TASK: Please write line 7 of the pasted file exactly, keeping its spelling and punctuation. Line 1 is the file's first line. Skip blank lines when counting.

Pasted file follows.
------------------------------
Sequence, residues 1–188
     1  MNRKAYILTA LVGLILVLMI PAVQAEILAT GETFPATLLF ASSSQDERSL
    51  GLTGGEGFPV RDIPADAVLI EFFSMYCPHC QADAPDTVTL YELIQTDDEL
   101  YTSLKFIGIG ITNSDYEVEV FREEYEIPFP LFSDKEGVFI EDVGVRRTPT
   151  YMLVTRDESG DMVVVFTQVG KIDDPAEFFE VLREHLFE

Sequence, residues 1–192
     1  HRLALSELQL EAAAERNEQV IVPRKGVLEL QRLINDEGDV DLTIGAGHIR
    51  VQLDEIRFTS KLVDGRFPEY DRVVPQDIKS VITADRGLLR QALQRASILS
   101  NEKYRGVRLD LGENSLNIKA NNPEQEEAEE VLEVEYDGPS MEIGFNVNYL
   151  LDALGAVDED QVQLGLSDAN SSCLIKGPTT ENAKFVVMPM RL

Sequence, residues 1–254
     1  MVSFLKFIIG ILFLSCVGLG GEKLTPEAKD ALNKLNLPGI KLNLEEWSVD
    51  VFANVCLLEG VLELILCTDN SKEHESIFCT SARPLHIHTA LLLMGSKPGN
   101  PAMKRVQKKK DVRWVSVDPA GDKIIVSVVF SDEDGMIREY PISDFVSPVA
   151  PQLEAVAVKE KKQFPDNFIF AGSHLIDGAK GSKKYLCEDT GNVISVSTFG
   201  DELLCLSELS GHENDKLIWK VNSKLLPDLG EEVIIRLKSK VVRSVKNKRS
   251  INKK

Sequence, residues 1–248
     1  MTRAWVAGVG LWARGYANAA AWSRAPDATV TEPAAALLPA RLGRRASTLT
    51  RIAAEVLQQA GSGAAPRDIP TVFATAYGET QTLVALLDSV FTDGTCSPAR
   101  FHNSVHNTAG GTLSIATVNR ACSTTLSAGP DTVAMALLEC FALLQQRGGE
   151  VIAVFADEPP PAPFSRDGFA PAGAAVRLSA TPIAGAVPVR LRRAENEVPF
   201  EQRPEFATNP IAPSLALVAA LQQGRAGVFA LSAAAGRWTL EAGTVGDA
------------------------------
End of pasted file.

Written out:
     1  HRLALSELQL EAAAERNEQV IVPRKGVLEL QRLINDEGDV DLTIGAGHIR